Originally Posted by mental1
I have used the screen wipe function several times with minimal results. I left the TV on HBO all night hoping to "use" the whole screen enough to alleviate the issue with lackluster results. The IR is very clearly visible when white screens are displayed.
What about this doesn't make sense? Six weeks of high contrast fixed images and one night of full screen no fixed images? Notice the discrepancy in time frames in that question.
Would someone who doesn't know what happened notice the IR if they were watching a Blu-ray or DVD movie with an aspect ratio that filled your screen (1.78:1 -- 16x9)? Notice the absence of white screens in that question.
Take a vacation from the specific channels that caused the IR you're seeing, and mix your viewing material much better than you have in the last six weeks. Stay away from having the same fixed image on the screen for an inordinate length of time. Also, stay away from the solid color or white screens that are used to find IR. Your screen will gradually age enough to even out, and the IR you shouldn't be searching for will be gone.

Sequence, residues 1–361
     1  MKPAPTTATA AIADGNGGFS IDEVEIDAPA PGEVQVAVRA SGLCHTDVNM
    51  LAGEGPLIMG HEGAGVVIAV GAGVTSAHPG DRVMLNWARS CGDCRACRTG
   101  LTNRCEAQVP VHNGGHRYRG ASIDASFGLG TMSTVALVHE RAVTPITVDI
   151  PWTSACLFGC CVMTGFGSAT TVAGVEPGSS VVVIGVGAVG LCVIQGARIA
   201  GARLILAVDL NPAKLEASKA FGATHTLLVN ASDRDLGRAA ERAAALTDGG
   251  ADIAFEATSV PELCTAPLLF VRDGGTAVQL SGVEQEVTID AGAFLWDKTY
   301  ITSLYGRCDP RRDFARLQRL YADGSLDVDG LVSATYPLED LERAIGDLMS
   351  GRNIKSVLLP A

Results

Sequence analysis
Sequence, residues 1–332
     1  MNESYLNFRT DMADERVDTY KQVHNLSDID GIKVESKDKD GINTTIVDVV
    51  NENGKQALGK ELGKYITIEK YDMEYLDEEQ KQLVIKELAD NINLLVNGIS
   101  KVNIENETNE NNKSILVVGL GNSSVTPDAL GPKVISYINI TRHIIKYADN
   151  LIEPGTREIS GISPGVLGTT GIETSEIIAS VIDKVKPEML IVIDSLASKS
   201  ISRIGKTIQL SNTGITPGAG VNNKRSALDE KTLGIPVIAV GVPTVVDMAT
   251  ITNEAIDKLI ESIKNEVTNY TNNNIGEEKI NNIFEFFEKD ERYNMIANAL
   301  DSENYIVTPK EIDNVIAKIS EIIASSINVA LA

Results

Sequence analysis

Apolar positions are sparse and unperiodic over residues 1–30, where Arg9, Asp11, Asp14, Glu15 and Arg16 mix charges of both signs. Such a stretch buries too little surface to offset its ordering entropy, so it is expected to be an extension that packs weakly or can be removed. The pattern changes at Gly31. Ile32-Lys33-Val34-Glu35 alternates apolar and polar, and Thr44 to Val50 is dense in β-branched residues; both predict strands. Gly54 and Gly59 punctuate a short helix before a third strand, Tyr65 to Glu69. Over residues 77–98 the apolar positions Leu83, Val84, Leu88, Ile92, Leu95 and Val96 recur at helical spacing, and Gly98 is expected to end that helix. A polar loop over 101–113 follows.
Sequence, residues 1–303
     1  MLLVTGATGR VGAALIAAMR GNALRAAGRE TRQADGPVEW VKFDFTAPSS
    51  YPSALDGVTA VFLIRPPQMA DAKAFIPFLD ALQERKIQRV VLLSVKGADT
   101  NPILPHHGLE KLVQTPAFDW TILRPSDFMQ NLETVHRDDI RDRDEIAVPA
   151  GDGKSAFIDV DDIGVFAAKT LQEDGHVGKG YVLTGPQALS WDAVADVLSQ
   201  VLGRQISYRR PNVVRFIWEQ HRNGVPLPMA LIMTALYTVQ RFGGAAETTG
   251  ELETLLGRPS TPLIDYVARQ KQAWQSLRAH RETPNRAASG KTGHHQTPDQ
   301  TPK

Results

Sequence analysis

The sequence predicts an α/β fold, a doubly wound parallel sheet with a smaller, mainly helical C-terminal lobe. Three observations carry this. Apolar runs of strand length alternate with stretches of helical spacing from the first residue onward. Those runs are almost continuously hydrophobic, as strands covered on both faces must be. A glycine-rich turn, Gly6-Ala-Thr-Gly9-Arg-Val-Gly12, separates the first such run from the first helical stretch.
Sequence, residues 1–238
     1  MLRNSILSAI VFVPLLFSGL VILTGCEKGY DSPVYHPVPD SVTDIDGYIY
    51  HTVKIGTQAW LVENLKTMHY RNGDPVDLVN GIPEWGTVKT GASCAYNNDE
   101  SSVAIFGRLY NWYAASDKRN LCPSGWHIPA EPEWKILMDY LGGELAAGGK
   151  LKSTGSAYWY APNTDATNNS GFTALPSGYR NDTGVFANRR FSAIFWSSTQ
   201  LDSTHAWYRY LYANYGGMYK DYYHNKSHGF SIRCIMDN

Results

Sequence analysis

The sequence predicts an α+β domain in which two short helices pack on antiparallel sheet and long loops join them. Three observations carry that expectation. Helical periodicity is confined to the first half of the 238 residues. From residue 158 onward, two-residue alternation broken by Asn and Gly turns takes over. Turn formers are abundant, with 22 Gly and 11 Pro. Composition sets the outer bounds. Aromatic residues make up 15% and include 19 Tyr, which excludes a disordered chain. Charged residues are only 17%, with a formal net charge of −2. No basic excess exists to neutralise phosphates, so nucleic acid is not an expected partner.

I watch a lot of NFL on Fox, CBS, NBC, ESPN, and the NFL Network. My wife watches almost every NHL game that our local team plays except for a few games that she attends. All that sports programing involves fixed images for two to four hours at a stretch. Once in a great while I watch a NFL double header on the same channel for maybe seven hours.
The rest of the time we watch shiny disk movies from Netflix with a mix of either no black bars or side black bars or top and bottom black bars. We also watch our local public broadcasting station. All most all of what we watch has black bars, logos or other fixed images. Those fixed images vary in contrast from very low to high. We don't run our set as background filler like a radio. So far, that behavior has protected us from IR for over five years. In that time I've checked for IR with colored slides one time as part of an IR discussion here at AVS.
Mix it up and enjoy.
Edit: Pixar animation movies with a 1.78:1 aspect ratio are good sources to use to speed up image retention removal, and if you play them on repeat during the time you're not using your TV it will be even faster.Edited by htwaits - 3/31/13 at 12:22pm